Here’s how you can use this idea to have a better life …

The next time you have a disagreement with your partner, stop and look at things from that person’s point of view. Search for the reasons behind their beliefs. Find the pain beneath the angry or hurtful things your partner says. The more you understand your partner’s point of view the better your relationship can be.

To find out more…

about couple relationships, check out The Marriage Garden program at arfamilies.org, follow us at facebook.com/navigatinglife or contact your local county Extension agent. You can also read Gottman’s The Seven Principles for Making Marriage Work.

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Do Your Thoughts Stink?

Here’s a great idea …

In her book, Positivity, Barbara Fredrickson says, “The flow of your emotions follows how you interpret your current circumstances. Dire interpretations create dire emotions. Charitable and optimistic interpretations breed positivity.” (pp. 154-155)

In other words …

Research is clear: Stinking thinking makes for gloomy moods. If, instead, we choose to see the good in our lives then our feelings will be much more positive. The more we practice finding the good, the more natural and automatic this will become.

Here’s how you can use this idea to have a better life …

Tune in to the good things that happen to you today. Even when something happens that you don’t consider good, look for a way that something good might come of it.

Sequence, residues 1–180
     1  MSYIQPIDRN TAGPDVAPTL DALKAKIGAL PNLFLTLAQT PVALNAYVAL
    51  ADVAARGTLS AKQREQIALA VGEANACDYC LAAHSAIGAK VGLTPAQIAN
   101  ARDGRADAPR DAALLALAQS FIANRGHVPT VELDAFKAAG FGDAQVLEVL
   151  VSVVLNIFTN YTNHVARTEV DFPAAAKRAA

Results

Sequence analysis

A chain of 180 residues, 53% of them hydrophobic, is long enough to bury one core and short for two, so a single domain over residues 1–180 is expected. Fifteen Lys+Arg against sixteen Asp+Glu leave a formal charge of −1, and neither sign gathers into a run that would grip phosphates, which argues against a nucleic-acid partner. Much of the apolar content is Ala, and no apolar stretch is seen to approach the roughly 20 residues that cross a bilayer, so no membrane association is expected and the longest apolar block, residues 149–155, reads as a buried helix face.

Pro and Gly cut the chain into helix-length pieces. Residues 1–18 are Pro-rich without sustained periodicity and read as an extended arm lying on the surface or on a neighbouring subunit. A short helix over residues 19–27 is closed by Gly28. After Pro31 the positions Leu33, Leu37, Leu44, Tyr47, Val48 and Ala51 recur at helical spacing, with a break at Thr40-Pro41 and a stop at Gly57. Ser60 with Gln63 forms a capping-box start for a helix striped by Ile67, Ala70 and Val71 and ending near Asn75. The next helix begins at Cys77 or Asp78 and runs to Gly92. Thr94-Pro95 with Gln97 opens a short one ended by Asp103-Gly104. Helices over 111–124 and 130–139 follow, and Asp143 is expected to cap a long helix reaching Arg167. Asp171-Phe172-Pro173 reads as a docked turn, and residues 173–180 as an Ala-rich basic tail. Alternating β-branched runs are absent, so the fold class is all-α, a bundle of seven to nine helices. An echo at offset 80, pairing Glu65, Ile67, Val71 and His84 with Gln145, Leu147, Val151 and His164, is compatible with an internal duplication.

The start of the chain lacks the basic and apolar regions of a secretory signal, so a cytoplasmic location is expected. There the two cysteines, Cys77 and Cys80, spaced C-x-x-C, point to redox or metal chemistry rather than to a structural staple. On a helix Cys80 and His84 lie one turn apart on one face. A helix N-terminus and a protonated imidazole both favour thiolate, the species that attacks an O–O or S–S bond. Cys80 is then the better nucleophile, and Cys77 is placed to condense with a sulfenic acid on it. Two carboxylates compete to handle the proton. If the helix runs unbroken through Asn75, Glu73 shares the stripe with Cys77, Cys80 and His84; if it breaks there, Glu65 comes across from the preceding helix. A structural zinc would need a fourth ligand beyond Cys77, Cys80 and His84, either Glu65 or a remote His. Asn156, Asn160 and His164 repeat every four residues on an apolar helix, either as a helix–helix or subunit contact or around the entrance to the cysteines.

To find out more …

about personal well-being, check out The Personal Journey or Managing Stress programs at arfamilies.org, follow us at facebook.com/navigatinglife contact your local county Extension agent. You may also enjoy reading Fredrickson’s book, Positivity.

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Emotions Matter

Why are your partner’s emotions important?

Here’s a great idea …

In her book, Hold Me Tight, Sue Johnson says, “Responsiveness…means tuning in to your partner and showing that his or her emotions…have an impact on you. It means accepting and placing a priority on the emotional signals your partner conveys and sending clear signals of comfort and caring when your partner needs them. Sensitive responsiveness always touches us emotionally and calms us on a physical level.” (p. 50)

In other words …

When our partner lashes out at us or withdraws from us, it may be mostly because they do not feel connected to us. We can avoid escalating many arguments if, instead of reacting negatively to our partner’s emotions, we take the time to connect with them. By showing our partners’ that their feelings and opinions matter and are important to us, we can help them feel secure again in our relationship.

Here’s how you can use this idea to have a better life …

The next time your partner does or says something that is hurtful to you, resist your initial urge to respond with anger or to retaliate. Instead, seek to find out the cause of their hurt or fear. When you find out what their underlying feelings are, you can work to help alleviate the pain and fears your partner is experiencing.

To find out more…

about couple relationships, check out The Marriage Garden program at arfamilies.org, follow us at facebook.com/navigatinglifeor contact your local county Extension agent. You can also read Johnson’s Hold Me Tight.